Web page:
BOSTON — During the night of December 11, 2008, a terrible ice storm struck New England. Over a million people lost power in the initial aftermath of the storm. While all six towns in the 37th Middlesex District had extensive damage, my own town of Lunenburg, as well as the towns of Ashby, Townsend and the city of Fitchburg were some of the most heavily impacted municipalities in the state.
Unitil, the electricity provider for these four municipalities, proved to be woefully unprepared. While other public utilities were enacting their storm response plans, conducting damage assessments and using mutual aid agreements to deploy large numbers of crews, Unitil was unsure where to begin. Unitil had an emergency action plan, but they had never tested the plan in drills or during smaller storms.
In the months since this storm, I have listened to hours of testimony, testified in two hearings, met with the Attorney General’s office and read expert testimony collected through their investigation. I requested, and was granted, a seat on the Committee on Telecommunications, Public Utilities and Energy to address the long-term issues stemming from this storm. My basic concern remains the same: there is insufficient protection for consumers under current law. These legal restrictions will most likely lead the Department of Public Utilities to fine Unitil and place them on a probationary period, requiring them to provide an additional level of reporting. While this is a start, probation and fines do not adequately protect consumers in the case of future power outages.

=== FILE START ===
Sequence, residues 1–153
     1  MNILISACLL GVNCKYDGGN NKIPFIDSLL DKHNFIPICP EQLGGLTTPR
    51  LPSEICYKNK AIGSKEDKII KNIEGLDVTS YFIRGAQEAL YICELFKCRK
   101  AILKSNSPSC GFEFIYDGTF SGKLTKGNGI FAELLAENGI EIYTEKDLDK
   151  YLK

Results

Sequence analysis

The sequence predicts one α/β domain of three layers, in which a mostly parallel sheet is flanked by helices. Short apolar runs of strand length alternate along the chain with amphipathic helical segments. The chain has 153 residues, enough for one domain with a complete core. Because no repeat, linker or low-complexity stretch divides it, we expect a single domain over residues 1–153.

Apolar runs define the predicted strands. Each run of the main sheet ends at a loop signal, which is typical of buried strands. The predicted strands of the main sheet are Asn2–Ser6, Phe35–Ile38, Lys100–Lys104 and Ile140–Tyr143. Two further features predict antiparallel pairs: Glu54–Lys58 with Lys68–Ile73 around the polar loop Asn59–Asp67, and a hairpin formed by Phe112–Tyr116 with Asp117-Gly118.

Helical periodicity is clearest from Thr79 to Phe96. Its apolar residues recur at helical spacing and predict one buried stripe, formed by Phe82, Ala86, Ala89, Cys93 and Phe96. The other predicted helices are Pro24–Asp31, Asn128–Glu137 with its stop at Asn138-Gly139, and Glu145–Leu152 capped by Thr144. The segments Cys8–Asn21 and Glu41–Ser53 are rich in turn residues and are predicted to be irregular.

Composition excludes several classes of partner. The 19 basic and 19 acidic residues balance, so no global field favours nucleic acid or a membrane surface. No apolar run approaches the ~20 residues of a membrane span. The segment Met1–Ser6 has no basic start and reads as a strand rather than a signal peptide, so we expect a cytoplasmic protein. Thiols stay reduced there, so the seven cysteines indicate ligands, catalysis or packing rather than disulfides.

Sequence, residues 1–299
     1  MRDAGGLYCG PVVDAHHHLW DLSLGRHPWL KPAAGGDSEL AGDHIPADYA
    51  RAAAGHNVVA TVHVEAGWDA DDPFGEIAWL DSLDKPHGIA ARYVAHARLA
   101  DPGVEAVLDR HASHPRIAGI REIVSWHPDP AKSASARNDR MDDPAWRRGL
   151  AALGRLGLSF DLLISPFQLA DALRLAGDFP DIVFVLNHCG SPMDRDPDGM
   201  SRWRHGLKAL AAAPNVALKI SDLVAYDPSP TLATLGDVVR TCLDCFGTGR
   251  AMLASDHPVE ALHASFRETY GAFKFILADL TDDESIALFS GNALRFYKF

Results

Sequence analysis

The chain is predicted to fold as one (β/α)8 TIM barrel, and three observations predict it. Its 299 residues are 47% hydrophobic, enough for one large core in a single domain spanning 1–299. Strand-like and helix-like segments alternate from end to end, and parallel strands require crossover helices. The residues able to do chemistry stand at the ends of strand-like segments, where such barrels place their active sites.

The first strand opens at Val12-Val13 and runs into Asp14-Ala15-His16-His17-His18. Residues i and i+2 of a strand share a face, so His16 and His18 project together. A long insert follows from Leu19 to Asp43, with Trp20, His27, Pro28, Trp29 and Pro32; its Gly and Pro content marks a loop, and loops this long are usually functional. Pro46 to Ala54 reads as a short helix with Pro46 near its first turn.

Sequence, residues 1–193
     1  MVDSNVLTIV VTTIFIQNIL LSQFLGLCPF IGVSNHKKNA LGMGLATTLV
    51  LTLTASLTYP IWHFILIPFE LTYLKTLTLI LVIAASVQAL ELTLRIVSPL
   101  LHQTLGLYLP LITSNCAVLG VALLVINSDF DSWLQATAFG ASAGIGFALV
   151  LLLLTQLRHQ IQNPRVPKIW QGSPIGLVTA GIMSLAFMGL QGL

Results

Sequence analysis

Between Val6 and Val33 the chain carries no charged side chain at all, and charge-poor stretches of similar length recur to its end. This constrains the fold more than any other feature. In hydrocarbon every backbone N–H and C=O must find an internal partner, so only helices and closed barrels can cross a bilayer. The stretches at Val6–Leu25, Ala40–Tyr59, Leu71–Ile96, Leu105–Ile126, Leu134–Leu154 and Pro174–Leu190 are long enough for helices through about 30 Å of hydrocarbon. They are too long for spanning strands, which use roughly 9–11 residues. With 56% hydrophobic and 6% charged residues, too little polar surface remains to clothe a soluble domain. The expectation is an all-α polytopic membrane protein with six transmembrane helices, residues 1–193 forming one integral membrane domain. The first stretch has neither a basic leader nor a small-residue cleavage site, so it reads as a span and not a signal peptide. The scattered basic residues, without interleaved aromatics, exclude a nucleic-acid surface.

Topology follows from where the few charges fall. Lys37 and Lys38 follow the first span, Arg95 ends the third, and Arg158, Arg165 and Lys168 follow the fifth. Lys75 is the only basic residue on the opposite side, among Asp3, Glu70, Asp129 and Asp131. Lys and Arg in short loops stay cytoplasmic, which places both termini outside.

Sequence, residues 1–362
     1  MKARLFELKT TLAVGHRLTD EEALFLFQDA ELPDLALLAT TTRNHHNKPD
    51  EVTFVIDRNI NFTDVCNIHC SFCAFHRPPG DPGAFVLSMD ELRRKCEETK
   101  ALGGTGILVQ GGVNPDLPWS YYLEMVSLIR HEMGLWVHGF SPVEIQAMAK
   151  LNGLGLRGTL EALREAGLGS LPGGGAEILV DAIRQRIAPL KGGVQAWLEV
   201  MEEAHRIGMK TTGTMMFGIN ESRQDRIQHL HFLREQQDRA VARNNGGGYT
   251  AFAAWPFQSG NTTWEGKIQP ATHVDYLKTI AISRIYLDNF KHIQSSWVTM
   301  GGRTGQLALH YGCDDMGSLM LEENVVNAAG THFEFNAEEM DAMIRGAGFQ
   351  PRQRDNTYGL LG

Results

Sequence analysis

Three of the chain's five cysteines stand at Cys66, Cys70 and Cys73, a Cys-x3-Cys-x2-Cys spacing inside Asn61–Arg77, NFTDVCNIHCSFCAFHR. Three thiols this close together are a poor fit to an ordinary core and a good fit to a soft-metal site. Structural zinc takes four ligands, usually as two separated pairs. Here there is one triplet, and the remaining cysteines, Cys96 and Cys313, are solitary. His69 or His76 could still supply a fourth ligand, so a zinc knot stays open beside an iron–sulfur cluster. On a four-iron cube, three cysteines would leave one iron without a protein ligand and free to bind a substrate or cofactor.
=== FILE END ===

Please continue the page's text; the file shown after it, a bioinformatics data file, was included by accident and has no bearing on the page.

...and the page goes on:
As other companies have shown, emergency restoration plans are effective because they give the company and the communities a blueprint of what to do and expect in an emergency. The DPU will expect Unitil to file a plan with them as they have in the past, but we have seen that having a plan on file does not mean that it will be successfully deployed. We need the DPU to demand real accountability. We need to be able to reassure the public that they will be protected by the agency that oversees this company, but I fear they cannot or will not provide this assurance. My only recourse is to change the law to provide this protection to my constituents, press the AG to further investigate, and hold the DPU accountable any way I can.
I am working with the rest of the legislature to provide better utility consumer protections such as the ability for the state to take over management in an emergency and levy more significant fines that will dramatically impact utility companies’ profit margins. It is also important to allow municipalities more power over their own utility management by providing an easier path for the creation of municipal power departments.
It is not clear to me that the result of the DPU and legislative actions can fully prevent a recurrence of a situation like we had this winter, but we must move forward and take what steps we can, working toward a more predictable future.